David Shaywitz, in his Forbes article, pulls out this great nugget of wisdom from Marc Andreessen about the challenge of applying AI to the VC business and compares it to AI replacing your doctor. I agree with David that it provides a tremendous insight into AI replacing the doctor.
Andreessen’s response (at around the 40-minute mark) speaks for itself–but also, I’d argue, for most in healthcare (emphasis added):
The computer scientist in me and engineer in me would like to believe this is possible, and I’d like to be able to figure this out–frankly, I’d like us to figure it out.
The thing I keep running up against–the cognitive dissonance in my head I keep struggling with, is what I keep seeing in practice (and talk about in theory vs. in practice)–like in theory, you should be able to get the signals–founder background, progress against goals, customer satisfaction, whatever, you should be able to measure all these things.
What we just find is that what we just deal with every day is not numbers, is nothing you can quantify; it’s idiosyncrasies of people, and under the pressure of a startup, idiosyncrasies of people get magnified out to like a thousand fold. People will become like the most extreme versions of themselves under the pressure they get under at a startup, and then that’s either to the good or to the bad or both.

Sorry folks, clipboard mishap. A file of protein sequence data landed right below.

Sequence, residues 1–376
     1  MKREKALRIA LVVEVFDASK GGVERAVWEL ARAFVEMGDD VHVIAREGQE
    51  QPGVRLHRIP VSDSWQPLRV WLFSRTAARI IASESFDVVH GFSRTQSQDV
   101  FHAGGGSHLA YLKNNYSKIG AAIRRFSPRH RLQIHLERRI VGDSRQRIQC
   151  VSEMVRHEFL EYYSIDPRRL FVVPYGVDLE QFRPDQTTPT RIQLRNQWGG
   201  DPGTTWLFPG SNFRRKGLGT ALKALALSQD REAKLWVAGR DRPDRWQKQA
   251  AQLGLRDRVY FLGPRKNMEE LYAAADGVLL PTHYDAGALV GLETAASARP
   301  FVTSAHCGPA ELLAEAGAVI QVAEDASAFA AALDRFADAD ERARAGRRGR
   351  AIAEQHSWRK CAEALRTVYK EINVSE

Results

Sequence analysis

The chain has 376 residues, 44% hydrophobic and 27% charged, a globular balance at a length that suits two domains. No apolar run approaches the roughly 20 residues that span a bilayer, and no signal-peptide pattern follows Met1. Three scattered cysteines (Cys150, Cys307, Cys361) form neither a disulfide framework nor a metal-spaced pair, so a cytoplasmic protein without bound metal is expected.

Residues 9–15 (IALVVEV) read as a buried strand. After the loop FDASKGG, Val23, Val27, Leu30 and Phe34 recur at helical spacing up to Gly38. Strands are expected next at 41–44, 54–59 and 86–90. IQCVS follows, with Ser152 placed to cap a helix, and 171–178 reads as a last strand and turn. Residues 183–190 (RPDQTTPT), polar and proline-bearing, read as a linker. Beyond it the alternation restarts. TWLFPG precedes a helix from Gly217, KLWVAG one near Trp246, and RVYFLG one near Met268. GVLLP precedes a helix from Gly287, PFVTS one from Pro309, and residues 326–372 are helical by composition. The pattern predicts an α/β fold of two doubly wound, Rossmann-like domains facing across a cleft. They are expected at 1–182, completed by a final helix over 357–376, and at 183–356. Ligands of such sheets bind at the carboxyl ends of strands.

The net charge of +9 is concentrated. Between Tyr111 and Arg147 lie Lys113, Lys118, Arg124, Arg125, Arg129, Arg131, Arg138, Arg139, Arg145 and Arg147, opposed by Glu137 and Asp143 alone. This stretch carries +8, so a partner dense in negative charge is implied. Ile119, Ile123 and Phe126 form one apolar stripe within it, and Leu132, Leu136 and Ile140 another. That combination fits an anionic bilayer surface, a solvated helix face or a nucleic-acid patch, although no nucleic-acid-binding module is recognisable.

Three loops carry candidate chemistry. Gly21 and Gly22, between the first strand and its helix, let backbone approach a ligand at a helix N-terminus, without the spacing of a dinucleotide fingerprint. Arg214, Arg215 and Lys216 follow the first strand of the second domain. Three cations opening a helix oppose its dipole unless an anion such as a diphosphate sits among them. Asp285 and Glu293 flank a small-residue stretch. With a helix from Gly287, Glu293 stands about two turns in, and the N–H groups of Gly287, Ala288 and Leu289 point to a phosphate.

People have their own issues, have interpersonal conflicts between people, so the day job is so much dealing with people that you’d have to have an AI bot that could, like, sit down and do founder therapy.
My guess is we’re still a ways off.
Who knew that developing data-driven tech solutions could be challenging in a profession that at its core is focused on human idiosyncrasies, especially under conditions of stress?
I love the description of the challenge as Human Idosyncracies. What’s interesting to me from a healthcare perspective is if we can generalize these idosyncracies in the way we treat patients.